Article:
Is it compelling for everyone to build a house or have access to decent accommodation? 

Access to decent accommodation is indeed a fundamental human need and a basic right. It is compelling for everyone to build a house, as this fairly guarantees a roof over their head and a place to call home, especially in times of economic trials. Aside from providing shelter, having a house, especially with a corresponding title, offers financial leverage. It allows individuals to seek bank loans to foster further investment or businesses, thereby improving their financial standing. Moreover, owning a house has proven to be a worthy investment that can serve as financial leverage for future generations. Therefore, while building a house may not be feasible or necessary for everyone, ensuring access to suitable housing is essential for a sustainable and inclusive society.

What role do you think the government should play to enable more Nigerians to have suitable accommodation?

To enable more Nigerians to have suitable accommodation, the government should ensure inflation rates are below 5% to establish sustainable mortgage rates. Currently, inflation rates exceeding 30% contrast with the government’s efforts to subsidize mortgages at a 6% rate, creating affordability complications. Lower inflation rates would help reduce the gap in rates between those offered by Primary Mortgage Institutions and Mortgage Refinancing Companies (MRCs), which currently range from 6% to 25%. State governments must promote the vertical development of homes, such as high-rises, in densely populated urban cities. Additionally, the federal and all state governments should ensure the provision of subsidized homes to all civil servants. The government should facilitate the reduction of housing costs by promoting the local production and financing of key construction materials. Moreover, promoting the use of cheaper alternative construction materials can further contribute to reducing housing expenses.

Housing finance is a crucial component of homeownership. What do you think about Nigeria’s mortgage system?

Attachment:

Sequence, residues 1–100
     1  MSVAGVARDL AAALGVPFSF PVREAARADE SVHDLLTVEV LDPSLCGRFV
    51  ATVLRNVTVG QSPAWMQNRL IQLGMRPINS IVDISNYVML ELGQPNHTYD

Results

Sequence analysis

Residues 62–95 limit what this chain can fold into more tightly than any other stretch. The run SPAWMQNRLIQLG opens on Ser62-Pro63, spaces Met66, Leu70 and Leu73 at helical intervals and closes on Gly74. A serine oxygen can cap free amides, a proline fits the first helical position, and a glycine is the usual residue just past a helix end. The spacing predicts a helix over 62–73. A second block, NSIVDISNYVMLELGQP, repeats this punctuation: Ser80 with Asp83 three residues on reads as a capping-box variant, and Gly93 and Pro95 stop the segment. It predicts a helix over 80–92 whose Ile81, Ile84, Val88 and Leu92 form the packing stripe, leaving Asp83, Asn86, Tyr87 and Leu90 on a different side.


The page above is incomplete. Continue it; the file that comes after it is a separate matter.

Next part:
Nigeria’s mortgage system has seen progress in recent years, yet challenges persist. High interest rates, limited access to long-term financing, and complex documentation processes remain barriers to widespread homeownership through mortgages. It is pertinent that for the mortgage system to be sustainable the government must strive to achieve inflation rates below 5%. Initiatives like the National Housing Fund (NHF) and regulatory improvements aim to tackle these issues. However, the soaring cost of construction materials, such as cement and reinforcement rods, has significantly inflated housing prices beyond the reach of the average Nigerian thus making many unqualified for mortgages due to low wages in comparison to expected monthly payments. To address this, the government should intervene by promoting alternative, cost-effective building materials like compressed earth blocks (CEBs). Additionally, subsidizing finance for steel and cement producers, sourcing raw materials locally, and revitalizing key steel production facilities like Ajakuta and Delta Steel can help reduce housing costs. It’s worth noting that in 2007, a two-bedroom house with necessary infrastructure could be built for 2.5 million naira, making mortgage payment plans more feasible for average Nigerians. Today the same building would cost about N25 million in the most affordable locations. Moreover, collaborative efforts between financial institutions, government bodies, and private developers are crucial in expanding access to mortgage financing and making homeownership more attainable for aspiring buyers.

There are growing cases of conflict between developers of estates and homeowners in respect of control of facilities. What in your opinion can resolve this issue?

One effective solution to resolve conflicts between developers and homeowners regarding facility control is to establish clear guidelines and agreements from the outset. This includes transparent communication about the responsibilities and rights of both parties regarding the management and maintenance of facilities within the estate. Additionally, setting up a homeowners’ association or committee empowered to oversee the management of common areas and facilities can help ensure collective decision-making and fair representation of homeowners’ interests. Regular meetings and open channels of communication between developers and homeowners can also foster understanding and collaboration, leading to smoother resolution of conflicts as they arise.